described


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Related to described: fickle, provided

de·scribe

 (dĭ-skrīb′)
tr.v. de·scribed, de·scrib·ing, de·scribes
1. To give an account of in speech or writing: describe a sea voyage.
2. To convey an idea or impression of; characterize: She described her childhood as a time of wonder and discovery.
3. To represent pictorially; depict: Goya's etchings describe the horrors of war in grotesque detail.
4. To trace the form or outline of: describe a circle with a compass.

[Middle English describen, from Latin dēscrībere, to write down : dē-, de- + scrībere, to write; see skrībh- in Indo-European roots.]

de·scrib′a·ble adj.
de·scrib′er n.
Synonyms: describe, narrate, recite, recount, relate, report
These verbs mean to tell the facts, details, or particulars of something in speech or in writing: described the accident; narrated their travel experiences; an explorer reciting her adventures; a mercenary recounting his exploits; related the day's events; reported what she had seen.
ThesaurusAntonymsRelated WordsSynonymsLegend:
Adj.1.described - represented in words especially with sharpness and detail; "the vividly described wars"
delineate, delineated, represented - represented accurately or precisely
Translations

described

a. descrito-a, narrado-a.
References in classic literature ?
I mean, that b which the greater number are rich, and that in which the lesser number are poor (where each of these possess the supreme power), if there are no other states than those we have described.
Mountains of books have been written by the historians about this campaign, and everywhere are described Napoleon's arrangements, the maneuvers, and his profound plans which guided the army, as well as the military genius shown by his marshals.
The face of the country, the climate as it was found by the whites, and the manners of the settlers, are described with a minuteness for which the author has no other apology than the force of his own recollections.
The evening of life is described by Plato in the most expressive manner, yet with the fewest possible touches.
But now I have also read "The Station Overseer" in your little volume; and it is wonderful to think that one may live and yet be ignorant of the fact that under one's very nose there may be a book in which one's whole life is described as in a picture.
So necessary is this to the understanding the characters of men, that none are more ignorant of them than those learned pedants whose lives have been entirely consumed in colleges, and among books; for however exquisitely human nature may have been described by writers, the true practical system can be learnt only in the world.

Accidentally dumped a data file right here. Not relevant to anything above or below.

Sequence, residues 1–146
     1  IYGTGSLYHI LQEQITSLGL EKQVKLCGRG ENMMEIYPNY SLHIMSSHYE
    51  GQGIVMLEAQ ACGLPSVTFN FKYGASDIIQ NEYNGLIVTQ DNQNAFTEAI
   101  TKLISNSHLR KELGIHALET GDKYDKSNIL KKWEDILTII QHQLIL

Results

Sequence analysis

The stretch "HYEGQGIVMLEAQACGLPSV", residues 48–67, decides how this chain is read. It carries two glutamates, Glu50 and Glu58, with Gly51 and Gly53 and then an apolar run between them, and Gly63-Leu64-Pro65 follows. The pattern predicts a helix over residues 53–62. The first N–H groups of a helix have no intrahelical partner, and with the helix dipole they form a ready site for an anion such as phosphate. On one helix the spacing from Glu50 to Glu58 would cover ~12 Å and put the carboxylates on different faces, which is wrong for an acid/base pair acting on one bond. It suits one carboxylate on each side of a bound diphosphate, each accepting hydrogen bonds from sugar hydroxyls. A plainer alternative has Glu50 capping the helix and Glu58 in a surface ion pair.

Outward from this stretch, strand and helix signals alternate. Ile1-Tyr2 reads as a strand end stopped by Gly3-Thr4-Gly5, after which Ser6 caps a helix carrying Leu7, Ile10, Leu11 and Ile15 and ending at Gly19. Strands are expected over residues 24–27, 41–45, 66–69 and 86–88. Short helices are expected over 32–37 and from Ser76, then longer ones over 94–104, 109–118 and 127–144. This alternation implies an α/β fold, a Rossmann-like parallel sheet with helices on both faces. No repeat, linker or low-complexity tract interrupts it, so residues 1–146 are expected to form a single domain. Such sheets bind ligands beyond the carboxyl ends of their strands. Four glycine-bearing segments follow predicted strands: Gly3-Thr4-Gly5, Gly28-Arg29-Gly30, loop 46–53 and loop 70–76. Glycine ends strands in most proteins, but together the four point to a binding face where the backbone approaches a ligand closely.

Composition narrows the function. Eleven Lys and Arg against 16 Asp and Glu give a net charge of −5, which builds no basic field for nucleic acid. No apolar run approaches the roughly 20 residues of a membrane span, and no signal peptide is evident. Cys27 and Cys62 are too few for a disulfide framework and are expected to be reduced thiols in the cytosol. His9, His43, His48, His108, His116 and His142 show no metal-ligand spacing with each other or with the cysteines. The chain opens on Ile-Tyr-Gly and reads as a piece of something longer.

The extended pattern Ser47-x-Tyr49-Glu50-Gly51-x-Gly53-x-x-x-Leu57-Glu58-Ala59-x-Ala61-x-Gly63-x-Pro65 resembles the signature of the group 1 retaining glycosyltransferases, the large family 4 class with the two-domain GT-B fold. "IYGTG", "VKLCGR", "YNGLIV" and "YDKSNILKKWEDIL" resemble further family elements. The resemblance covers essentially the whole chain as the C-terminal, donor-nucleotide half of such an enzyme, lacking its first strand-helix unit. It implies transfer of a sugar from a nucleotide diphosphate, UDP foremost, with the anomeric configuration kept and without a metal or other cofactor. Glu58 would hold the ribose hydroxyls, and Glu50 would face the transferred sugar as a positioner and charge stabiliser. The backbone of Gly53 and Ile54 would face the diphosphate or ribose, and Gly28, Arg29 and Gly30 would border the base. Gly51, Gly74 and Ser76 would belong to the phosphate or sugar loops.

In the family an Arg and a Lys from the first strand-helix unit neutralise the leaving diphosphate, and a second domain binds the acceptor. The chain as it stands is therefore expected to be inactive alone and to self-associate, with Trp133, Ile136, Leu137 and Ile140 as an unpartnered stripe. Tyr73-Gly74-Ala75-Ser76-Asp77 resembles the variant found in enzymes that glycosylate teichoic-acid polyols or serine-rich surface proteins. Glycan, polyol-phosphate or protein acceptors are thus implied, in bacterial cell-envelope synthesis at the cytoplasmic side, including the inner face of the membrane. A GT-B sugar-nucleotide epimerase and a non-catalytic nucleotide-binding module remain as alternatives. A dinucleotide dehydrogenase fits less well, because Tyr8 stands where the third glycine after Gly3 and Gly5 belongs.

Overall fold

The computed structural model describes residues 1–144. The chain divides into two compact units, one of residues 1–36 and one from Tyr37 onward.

Having described the genesis of their journey, and paid a handsome tribute to his friend Professor Challenger, coupled with an apology for the incredulity with which his assertions, now fully vindicated, had been received, he gave the actual course of their journey, carefully withholding such information as would aid the public in any attempt to locate this remarkable plateau.
Regarding the path described by the moon in her revolution round the earth, the Cambridge Observatory had demonstrated that this path is a re-entering curve, not a perfect circle, but an ellipse, of which the earth occupies one of the
In such a country, you will perceive at once that it is impossible that there should be anything of what you call a "solid" kind; but I dare say you will suppose that we could at least distinguish by sight the Triangles, Squares, and other figures, moving about as I have described them.
There are about thirty cases on record, of which the most famous, that of the Countess Cornelia de Baudi Cesenate, was minutely investigated and described by Giuseppe Bianchini, a prebendary of Verona, otherwise distinguished in letters, who published an account of it at Verona in 1731, which he afterwards republished at Rome.
On this supposition, I, in the first place, described this matter, and essayed to represent it in such a manner that to my mind there can be nothing clearer and more intelligible, except what has been recently said regarding God and the soul; for I even expressly supposed that it possessed none of those forms or qualities which are so debated in the schools, nor in general anything the knowledge of which is not so natural to our minds that no one can so much as imagine himself ignorant of it.
They soon become tame, and are very amusing from their cunning odd manners, which were described to me as being similar to those of the common magpie.